Doggett, while Scully got
into her car to go back to her son.

The final scene of the episode closed with the
Lone Gunmen being
forced into a collision. Byers was the only one
who stayed fully
conscious, but the cult member who’d driven them
into a wall and run
over Doggett had a gun to his head when “To Be
Continued” appeared on

High Point

Doggett has always played by the books. This
week we saw just what it
would take for him to break regulations and break
into Skinner’s
office for the sake of an investigation.

Low Point

Scully’s intuitive leap connecting the baby with
the rubbings. She
has become more willing to accept extreme
possibilities, but even she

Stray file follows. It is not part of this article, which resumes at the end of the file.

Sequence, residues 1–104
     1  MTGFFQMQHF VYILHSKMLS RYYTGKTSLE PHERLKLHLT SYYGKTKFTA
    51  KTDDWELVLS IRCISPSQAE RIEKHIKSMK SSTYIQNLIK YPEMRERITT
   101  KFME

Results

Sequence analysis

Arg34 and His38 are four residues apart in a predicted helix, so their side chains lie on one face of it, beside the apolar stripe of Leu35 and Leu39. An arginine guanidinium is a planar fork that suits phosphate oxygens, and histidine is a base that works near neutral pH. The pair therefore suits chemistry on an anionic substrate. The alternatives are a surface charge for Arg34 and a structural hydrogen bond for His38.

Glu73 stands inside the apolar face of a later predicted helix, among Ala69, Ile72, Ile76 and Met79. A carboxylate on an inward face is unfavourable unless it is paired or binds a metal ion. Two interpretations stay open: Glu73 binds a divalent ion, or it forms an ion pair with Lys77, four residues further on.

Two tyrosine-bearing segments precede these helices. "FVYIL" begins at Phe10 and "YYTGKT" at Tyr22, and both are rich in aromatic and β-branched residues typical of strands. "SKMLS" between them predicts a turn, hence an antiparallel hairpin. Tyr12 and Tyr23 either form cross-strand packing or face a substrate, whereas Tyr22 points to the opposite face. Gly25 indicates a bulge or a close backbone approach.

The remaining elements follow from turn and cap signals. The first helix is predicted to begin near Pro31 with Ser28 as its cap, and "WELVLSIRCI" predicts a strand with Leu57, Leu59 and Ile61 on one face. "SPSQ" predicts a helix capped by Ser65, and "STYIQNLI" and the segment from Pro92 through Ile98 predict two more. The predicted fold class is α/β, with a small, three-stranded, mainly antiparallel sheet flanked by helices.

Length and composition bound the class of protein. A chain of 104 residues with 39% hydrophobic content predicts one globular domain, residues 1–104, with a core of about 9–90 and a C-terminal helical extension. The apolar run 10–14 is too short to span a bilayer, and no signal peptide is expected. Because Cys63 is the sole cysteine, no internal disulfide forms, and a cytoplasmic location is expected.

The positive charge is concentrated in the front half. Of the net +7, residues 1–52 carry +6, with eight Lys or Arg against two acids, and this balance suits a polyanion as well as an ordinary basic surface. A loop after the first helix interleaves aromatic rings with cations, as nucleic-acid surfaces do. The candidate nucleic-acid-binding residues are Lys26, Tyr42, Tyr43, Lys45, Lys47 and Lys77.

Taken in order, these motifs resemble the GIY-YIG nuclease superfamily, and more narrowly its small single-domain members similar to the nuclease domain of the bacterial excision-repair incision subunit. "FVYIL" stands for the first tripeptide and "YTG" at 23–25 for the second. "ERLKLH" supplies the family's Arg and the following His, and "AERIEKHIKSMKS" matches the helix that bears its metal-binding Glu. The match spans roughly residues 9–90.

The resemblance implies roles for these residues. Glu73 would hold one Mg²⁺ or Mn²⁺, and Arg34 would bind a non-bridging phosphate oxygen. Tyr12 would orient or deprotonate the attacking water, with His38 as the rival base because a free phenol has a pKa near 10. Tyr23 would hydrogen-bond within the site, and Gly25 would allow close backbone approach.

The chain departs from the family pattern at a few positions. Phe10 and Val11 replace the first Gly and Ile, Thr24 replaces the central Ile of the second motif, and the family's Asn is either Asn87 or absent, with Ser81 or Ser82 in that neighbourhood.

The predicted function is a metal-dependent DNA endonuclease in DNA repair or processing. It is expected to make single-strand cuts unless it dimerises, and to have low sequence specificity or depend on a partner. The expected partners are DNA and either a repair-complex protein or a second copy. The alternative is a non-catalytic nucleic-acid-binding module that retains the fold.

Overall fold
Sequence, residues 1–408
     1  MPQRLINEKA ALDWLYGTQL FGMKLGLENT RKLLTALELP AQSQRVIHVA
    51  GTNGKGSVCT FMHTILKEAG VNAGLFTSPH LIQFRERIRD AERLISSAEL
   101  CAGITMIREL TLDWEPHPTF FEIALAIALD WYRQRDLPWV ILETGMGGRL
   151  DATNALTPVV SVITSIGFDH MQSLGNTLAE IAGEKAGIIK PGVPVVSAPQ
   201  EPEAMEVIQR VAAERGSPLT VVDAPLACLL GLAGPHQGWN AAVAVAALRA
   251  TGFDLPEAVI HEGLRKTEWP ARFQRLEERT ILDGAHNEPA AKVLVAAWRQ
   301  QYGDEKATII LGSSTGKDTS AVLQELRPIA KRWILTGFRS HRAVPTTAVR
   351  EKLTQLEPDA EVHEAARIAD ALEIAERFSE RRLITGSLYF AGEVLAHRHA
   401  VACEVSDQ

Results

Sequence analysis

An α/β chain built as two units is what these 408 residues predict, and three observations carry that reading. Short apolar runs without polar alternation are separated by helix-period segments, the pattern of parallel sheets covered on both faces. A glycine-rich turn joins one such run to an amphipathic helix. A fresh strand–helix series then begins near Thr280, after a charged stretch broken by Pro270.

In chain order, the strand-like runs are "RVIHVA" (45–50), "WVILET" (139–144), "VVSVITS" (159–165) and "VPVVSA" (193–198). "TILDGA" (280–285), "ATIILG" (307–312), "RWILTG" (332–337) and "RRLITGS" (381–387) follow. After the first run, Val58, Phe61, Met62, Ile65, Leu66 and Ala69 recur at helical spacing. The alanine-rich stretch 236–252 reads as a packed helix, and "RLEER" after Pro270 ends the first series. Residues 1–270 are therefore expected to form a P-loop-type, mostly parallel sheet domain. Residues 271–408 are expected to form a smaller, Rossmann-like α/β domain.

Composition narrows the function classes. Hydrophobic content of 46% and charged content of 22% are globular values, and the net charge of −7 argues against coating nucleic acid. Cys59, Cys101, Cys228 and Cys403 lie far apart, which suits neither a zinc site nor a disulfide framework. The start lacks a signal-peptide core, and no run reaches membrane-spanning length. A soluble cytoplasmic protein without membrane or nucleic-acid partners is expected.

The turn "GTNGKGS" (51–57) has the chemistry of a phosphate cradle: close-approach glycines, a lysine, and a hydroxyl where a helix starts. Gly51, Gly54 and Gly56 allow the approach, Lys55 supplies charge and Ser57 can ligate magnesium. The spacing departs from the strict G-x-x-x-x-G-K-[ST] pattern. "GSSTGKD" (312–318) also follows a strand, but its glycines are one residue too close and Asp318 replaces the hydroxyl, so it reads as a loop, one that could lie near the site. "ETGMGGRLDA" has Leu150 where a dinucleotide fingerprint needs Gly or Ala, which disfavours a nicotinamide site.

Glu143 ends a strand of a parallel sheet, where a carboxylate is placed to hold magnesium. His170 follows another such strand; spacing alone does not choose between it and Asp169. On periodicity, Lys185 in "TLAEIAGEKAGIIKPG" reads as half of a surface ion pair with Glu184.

needs some evidence for something like this.

The Review

The originality of this week’s episode
was somewhat lacking.
It’s hard to be original at this point in the
series though, since
they’re wrapping up the storylines they’ve
introduced in the past.
It’s just a generally bad time to introduce
anything new into the
mix. I give it 3 out of 6.

The only real visual effects this week
were the fireball at
the beginning (which is a twenty year old effect
at least) and the
flying spaceship bit, which was done back in the
seventh season.
Nonetheless, both were well done, although the
hovering spaceship bit
looked like CGI. I give it 4 out of 6.

The story this week was pretty good,
except for the
aforementioned leap that Scully took. The
elements are starting to
come together with more answers than questions.
The major characters
were all used well, right down to the Lone